>> Seven world leaders, four of them have never sat at the G7 table before. I'm Reuters Jacob Greese reporting from Taormina, Sicily. Where behind me at this secluded resort at the foothills of Mount Etna, away from prying eyes aside from the odd photo op, the leaders of seven of the most powerful economies are meeting.
But it is expected to be tough going, unlike most other G7 summits, here they failed to agree on a key set of policies, a communique before hand. The French have been briefing that they expect negotiations to go on long into the evening. The White House say they expect that talks to be robust, that's diplomatic speak for difficult.
It all boils down to these new world leaders posing very new challenges. Since the last annual summit, we've seen Brexit and Donald Trump inaugurated as US President. And this new US administration seems to be at loggerheads with many of its key EU and European allies on a certain number of issues.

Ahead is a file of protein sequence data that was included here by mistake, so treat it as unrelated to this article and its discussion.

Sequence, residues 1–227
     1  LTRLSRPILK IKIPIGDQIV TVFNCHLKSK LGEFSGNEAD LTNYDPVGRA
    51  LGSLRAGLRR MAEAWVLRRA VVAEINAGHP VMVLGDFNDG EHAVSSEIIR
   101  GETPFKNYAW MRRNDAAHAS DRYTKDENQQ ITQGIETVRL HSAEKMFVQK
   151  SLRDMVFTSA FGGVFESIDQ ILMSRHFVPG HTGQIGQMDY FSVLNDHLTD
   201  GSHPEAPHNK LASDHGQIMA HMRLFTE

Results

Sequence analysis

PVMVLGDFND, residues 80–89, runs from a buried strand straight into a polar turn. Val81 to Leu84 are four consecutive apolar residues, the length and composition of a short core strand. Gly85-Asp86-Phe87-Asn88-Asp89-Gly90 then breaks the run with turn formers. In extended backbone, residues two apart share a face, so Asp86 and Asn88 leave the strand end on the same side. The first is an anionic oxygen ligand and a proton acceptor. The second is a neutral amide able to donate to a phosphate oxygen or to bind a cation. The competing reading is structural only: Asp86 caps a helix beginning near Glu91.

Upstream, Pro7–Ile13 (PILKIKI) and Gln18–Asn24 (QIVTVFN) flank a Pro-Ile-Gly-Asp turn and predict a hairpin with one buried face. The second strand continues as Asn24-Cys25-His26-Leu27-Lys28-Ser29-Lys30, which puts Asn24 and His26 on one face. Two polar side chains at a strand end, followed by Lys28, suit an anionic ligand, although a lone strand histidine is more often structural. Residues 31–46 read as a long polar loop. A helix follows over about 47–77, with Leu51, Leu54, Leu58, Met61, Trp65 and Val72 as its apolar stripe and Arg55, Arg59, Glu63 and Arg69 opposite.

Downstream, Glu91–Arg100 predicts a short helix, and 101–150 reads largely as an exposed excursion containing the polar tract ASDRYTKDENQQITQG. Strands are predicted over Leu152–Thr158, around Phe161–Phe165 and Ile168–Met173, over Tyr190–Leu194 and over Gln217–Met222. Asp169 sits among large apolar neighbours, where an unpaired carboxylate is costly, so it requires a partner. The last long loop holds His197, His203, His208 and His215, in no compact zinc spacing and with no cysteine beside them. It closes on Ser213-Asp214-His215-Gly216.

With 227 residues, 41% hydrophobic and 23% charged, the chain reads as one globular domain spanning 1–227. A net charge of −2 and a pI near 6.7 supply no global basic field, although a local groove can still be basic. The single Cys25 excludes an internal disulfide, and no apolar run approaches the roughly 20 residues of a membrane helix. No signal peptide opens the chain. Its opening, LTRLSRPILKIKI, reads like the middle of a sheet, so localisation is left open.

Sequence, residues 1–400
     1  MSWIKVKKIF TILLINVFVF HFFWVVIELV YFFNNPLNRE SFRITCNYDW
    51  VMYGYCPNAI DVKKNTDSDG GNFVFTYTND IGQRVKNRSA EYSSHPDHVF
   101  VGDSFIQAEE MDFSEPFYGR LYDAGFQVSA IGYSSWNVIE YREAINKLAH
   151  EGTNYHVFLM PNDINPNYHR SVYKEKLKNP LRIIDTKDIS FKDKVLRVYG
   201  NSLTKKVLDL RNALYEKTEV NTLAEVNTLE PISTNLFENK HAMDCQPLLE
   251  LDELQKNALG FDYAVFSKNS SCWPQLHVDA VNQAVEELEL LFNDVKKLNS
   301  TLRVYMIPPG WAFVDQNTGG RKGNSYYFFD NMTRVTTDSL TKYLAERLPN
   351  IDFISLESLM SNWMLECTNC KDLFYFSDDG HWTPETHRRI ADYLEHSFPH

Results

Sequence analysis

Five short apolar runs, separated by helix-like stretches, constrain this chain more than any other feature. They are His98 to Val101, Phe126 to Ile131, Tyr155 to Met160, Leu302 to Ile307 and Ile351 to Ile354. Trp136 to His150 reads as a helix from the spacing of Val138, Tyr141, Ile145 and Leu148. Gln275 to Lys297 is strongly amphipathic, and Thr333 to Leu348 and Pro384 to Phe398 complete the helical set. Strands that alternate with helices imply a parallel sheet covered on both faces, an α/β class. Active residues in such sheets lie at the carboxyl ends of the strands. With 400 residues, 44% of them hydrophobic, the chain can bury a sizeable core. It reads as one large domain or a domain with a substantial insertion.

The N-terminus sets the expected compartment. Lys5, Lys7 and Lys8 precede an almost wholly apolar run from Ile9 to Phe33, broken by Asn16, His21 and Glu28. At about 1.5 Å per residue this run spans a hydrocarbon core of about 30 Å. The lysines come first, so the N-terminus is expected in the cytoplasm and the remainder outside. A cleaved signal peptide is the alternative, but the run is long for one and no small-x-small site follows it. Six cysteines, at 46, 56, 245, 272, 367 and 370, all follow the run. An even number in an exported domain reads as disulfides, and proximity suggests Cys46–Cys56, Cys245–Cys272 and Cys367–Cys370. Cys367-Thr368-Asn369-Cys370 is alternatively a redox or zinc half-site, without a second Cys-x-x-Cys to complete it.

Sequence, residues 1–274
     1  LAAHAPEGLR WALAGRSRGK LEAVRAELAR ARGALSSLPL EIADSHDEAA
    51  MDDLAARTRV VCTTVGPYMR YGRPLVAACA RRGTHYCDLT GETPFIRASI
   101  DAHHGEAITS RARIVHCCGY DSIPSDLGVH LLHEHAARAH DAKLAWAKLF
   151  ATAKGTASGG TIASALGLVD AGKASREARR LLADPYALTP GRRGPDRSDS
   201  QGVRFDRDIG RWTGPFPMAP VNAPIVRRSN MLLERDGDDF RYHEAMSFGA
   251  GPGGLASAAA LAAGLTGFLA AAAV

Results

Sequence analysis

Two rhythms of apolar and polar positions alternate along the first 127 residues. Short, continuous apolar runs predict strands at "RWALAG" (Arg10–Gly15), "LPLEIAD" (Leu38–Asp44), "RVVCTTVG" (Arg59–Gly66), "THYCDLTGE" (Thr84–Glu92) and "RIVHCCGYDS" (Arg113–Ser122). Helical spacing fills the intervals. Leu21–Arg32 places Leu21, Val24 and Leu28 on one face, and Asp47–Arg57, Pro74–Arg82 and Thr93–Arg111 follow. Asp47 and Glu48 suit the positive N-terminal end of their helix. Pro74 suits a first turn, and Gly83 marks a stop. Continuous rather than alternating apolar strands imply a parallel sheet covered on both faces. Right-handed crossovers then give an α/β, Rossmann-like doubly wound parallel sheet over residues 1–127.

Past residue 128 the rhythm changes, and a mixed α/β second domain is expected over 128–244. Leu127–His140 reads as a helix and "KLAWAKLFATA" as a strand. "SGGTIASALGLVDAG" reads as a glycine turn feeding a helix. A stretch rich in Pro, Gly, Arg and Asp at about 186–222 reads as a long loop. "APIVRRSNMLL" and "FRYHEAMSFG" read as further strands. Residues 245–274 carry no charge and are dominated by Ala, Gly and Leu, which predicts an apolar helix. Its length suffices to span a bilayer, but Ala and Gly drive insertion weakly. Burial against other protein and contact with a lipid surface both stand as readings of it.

Host Italy want this to be about climate change, immigration and free trade, all areas in which Donald Trump tried to strike out a new path for the US. The biggest flash point here is expected to be the Paris Climate Accord, with pressure growing on the US to simply stay in it.
But so far the White House has said a decision won't be taken until after Donald Trump leaves Italy and heads back to the US. Italy themselves have said they may even put out a separate statement on climate change as a result. But there is one area where there could be more room for agreement.
British Prime Minister Theresa May is here, pushing for a greater role to be taken in tackling online security, countering the information spread for extremists and allowing for self radicalization. That is likely to get much warmer reception here.